Local 338 is an amalgamated union representing four separate bargaining units: Kaiser Aluminum - production/maintenance and clerical/technical workers, Kaiser Alutek workers, and LB Foster pre-cast/railroad ties division workers. We number more than 1000 private sector members who work primarily in manufacturing industries in North Eastern Washington.


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Legislation & Education
Ted Cummings

WSLC Convention Report Out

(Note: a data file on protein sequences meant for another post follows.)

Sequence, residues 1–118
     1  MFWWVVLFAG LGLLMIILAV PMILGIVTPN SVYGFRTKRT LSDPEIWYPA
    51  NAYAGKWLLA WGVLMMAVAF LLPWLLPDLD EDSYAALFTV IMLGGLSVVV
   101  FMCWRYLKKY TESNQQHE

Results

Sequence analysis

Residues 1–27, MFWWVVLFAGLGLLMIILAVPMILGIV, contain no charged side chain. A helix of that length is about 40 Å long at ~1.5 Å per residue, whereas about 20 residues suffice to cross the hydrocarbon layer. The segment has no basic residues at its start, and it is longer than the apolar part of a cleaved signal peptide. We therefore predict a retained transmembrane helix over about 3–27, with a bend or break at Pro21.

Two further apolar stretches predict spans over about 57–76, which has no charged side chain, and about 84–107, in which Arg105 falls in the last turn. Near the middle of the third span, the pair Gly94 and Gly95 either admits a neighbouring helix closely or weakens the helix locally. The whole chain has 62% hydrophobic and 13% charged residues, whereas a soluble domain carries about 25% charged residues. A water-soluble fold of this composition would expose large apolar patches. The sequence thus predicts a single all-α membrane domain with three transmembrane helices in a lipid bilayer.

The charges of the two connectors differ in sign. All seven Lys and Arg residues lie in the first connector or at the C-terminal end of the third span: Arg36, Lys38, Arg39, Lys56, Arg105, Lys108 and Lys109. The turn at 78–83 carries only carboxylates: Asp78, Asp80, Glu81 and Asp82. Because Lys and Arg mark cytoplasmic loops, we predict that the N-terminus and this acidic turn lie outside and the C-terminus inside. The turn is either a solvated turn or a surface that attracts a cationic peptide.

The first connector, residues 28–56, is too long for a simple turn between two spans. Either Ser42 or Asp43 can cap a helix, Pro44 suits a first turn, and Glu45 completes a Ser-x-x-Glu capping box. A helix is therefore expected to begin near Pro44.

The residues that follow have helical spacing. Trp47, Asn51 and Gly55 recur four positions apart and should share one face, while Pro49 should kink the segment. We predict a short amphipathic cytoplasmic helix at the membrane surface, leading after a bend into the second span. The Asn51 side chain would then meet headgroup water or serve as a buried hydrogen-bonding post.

WSLC 2024 Legislative Conference Report Out I drove to Olympia, Wednesday, January 31st for the Washington State Labor Council executive board meeting and legislative conference. The meeting began with a working lunch and a guest speaker. Cami Feek is the commissioner of the Employment Security Department (ESD). Cami gave a brief history of her work experience and background. She was appointed during the Covid pandemic after being a long time state employee in ESD. ESD paid out 21 billion dollars during the covid pandemic, that is the equivalent of 18 years of benefits paid out in 18 months. Cami stated that ESD did not do a good job handling claims, the state was just overwhelmed. At one point in time the state was hiring 100 workers at a time and used online training to get them going. They have stabilized the workforce now and they keep 450 retired agents available in an emergency by letting them continue to train and retain skills virtually. 647 million was paid out in fraud but the state has recovered 420 million and continues to work to reduce the amount lost to fraud. There were 120,000 overpayments made to Washington workers and the state continues to claw those overpayments back. There is a process for people who through no fault of their own spent the overpayments and now struggle to pay the money back. The WSLC is working on a bill, HB1893/SB5777, to allow striking workers to collect unemployment benefits while on strike. Currently, at least two states (New York, New Jersey) have passed legislation that does just that. Commissioner Feeks said that the unemployment fund is healthy now and could handle the demand if that legislation is passed. There was approval of quarterly financials and then an update on the short 60-day legislative session and the status of various bills the labor council is supporting. We met back at 6pm, Wednesday evening to meet and speak with legislators who attended. I spent most of the night speaking with USW local 12-591 President Scott Cambell and two others from his Local. Scott continues to work on Hydrogen development and deal with contractual issues. Listening to their struggles reminded me again of how good 338 has it. The reception was packed with rank-and-file members, union leadership and Washington lawmakers and is designed to strengthen the ties between unions and our representatives. We met at 9am on Thursday to get credentialed for the special COPE meeting later in the morning. WSLC President Sims gave opening remarks on changes and accomplishments with WSLC and then two panels addressed the convention. The first panel was a bi-partisan group of representatives and senators. The Republicans that spoke were Republicans that have a record of voting occasionally for Labor sponsored bill. 6th LD Senator Jeff Holy from Spokane was one of the speakers and was well received for voicing that he tries to do the right thing even when it is not popular. The second panel was comprised of various union workers who spoke about individual bills and why it was important to support the legislation. Governor Inslee closed out the panels with a rousing speech supporting labor and how he is going to continue to fight for workers rights until the very end of his term. The Governor spoke out against the captive meetings companies use to keep workers from organizing and his support of unemployment benefits for striking workers. We had a box lunch and then the COPE meeting was called to order for the purpose of endorsing Bob Ferguson for Governor. The vote was almost unanimous in favor, there were a handful of no votes but who ever the union was voting no, they did not stand and speak to their position, and they left the room immediately after the vote. Bob Ferguson is now the WSLC endorsed candidate for Washington Governor. When the meeting was over all the conference attendees made their way to capital hill to meet with representatives and senators at our appointed times. I was paired with two others, Joseph Hancock president of WFSE/AFSME local 1221 and a retiree from the Machinists all of us live in the 4th LD. We were able to meet with all three of our legislators but that is about all we were able to accomplish. All three Republican legislators in the 4th were very firm no’s, that they would not support any of the bills we were there to lobby for. Everyone at the conference was given a legislative report with score cards for every legislator, unsurprisingly our representatives in the 4th LD have the lowest scores for supporting labor. We remained respectful but explained our reasons why we felt the bills should be passed, but none of the three were moved to change their positions, which did not come as a surprise. I feel it is still important to meet with those who do not support labor if for no other reason than to remind them that even though they enjoy the majority of opinion in the 4th, there are those who feel very different and are working to make important gains for working men and women. We asked for support on bills for unemployment for striking workers, sanitary conditions for women working in construction jobs, prohibiting captive meetings, and digital signatures for organizing. There is still much work to be done to protect workers, it was reported that employers cheat workers out of 15 billion dollars a year in various ways, such as not paying airline workers until the door closes for the flight to take off. For more information on the conference, there is an excellent report with pictures online on the “The Stand” the virtual newsletter published by the WSLC. https://www.thestand.org/ Respectfully, Ted Cummings